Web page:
Callaway Unveils AI-Supported Golf Club Designs


Callaway, a household name for golf equipment, unveiled their new models produced with the support of artificial intelligence and machine learning programs.

Products under their Mavrik line introduced new design elements. This takes the AI-based Callaway initiative that started with its Flash line of golf pilots. The Callaway Epic Flash Driver, boasting of “Artificial Intelligence: Real Ball Speed”, was the only product to receive 20 out of 20 stars from the Golf Digest 2019 Hot List. It had design swing speeds of 95 to 100 miles per hour. It was made with machine learning, landing its iconic face design.

(Photo: Photo by Tim Boyle / Getty Images)
DES PLAINES, IL – JUNE 24: A Callaway golf bag is seen among many golf clubs at the Dream Golf Pro Shop on June 24, 2005 in Des Plaines, Illinois.

AI-driven club designs

To reduce drag and improve its aerodynamic characteristics, golf drivers are often designed with a rounded shape thicker at the edges and thinner towards the edges. In an article by Popular science, Ian Hocknell, senior vice president of research and development at Callaway, said: “The face thickness model it first came out with was nothing like what we designed.

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Hocknell added that one of the thinnest areas of the resulting design was in the center, unlike the conventional design. It did, however, have a pattern of ripples and ridges. The design had thick areas adjacent to thin areas in the conductor. SVP R&D admitted, “There were some things we really didn’t understand, but we could prove that it generated more ball speed.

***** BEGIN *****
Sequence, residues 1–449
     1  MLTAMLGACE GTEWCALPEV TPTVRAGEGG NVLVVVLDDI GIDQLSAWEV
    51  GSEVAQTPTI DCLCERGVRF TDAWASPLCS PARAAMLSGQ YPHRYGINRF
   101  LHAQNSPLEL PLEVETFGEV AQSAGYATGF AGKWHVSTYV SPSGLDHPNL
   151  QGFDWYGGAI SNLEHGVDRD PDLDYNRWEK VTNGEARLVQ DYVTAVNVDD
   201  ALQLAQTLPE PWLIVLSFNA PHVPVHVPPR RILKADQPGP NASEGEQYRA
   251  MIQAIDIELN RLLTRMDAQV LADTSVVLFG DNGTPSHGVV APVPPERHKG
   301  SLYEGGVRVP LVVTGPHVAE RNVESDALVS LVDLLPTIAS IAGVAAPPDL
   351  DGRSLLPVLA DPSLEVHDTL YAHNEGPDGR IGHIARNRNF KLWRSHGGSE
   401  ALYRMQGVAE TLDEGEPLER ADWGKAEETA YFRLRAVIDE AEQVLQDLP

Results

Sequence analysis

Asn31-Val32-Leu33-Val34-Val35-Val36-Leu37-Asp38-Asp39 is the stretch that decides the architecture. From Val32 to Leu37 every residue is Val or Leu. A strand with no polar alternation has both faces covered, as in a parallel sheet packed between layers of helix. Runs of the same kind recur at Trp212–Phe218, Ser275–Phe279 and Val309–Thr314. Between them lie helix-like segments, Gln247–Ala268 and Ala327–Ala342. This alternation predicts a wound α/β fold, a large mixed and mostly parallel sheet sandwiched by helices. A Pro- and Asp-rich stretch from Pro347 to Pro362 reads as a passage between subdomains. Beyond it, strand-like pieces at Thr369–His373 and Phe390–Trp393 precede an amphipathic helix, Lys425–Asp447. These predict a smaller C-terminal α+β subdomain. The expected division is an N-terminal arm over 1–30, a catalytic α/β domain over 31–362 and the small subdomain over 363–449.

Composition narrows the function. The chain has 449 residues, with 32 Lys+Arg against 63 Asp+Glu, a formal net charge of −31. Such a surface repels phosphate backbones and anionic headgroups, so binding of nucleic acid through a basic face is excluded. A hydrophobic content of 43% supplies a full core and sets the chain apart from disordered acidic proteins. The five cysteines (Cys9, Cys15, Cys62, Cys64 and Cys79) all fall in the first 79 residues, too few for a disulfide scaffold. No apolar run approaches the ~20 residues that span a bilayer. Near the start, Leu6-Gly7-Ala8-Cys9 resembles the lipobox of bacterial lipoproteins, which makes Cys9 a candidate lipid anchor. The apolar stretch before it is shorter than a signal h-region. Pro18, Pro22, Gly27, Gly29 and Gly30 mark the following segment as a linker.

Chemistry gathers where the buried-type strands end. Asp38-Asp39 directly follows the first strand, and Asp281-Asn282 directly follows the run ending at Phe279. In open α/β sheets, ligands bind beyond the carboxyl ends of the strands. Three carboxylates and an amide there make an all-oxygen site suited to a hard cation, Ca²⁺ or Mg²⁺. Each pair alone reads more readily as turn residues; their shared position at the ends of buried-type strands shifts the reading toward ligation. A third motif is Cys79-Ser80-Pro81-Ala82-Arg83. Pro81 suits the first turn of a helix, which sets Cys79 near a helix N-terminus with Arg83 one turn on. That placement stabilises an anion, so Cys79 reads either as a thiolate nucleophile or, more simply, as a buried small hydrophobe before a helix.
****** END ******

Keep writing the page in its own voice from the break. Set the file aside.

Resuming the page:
Usually, club designers and manufacturers are assisted by computers to simulate thousands of strokes to examine stroke patterns and consistency of performance. In Callaway’s revolutionary designs, they simply provided limits and parameters to an AI program and let it solve problems and optimize the design without human interference.

Through these simulations, Callaway was able to tailor the design of its clubs to meet the needs of a specific group of golfers based on their skill level. Hocknell commented that the target was especially tricky for beginners.

An engineer Mavrik

“The design challenges for low-capacity golfers are that you have a higher degree of noise,” Hocknell noted. “The variation from one shot to another is much higher than with the pros of the circuit. The computer can help analyze this. It helps us grasp the challenges we face. “

The Callaway executive also noted that the process of developing a new golf club typically takes between twelve and sixteen months, producing only three or four prototypes for testing. These limited prototypes are loaded onto a swing robot to test its actual performance over multiple iterations. With designs based on artificial intelligence, it can bypass variations – especially for less experienced players – and guide them to better gaming skills.

After a revolutionary design and satisfactory prototype performance, the arrival of the new Mavrik clubs in the manufacturing plant also required significant investments on the part of the company. Callaway was looking for a new titanium alloy to meet the manufacturing requirements of such a design. Therefore, they also had to work on their forge to keep up with the design constraints of the new model.

“There were only a few machines in the world that could do this with the fine grade of titanium we were using. We had to modify the crystal structure of titanium so that it was durable under the loads it was going to undergo. “said Hocknell.

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